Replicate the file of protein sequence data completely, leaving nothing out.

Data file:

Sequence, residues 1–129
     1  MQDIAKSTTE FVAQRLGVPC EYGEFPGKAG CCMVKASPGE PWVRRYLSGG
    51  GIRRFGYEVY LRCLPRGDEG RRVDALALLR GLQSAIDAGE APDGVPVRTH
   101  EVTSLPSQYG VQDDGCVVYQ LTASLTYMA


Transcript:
Sequence, residues 1–129
     1  MQDIAKSTTE FVAQRLGVPC EYGEFPGKAG CCMVKASPGE PWVRRYLSGG
    51  GIRRFGYEVY LRCLPRGDEG RRVDALALLR GLQSAIDAGE APDGVPVRTH
   101  EVTSLPSQYG VQDDGCVVYQ LTASLTYMA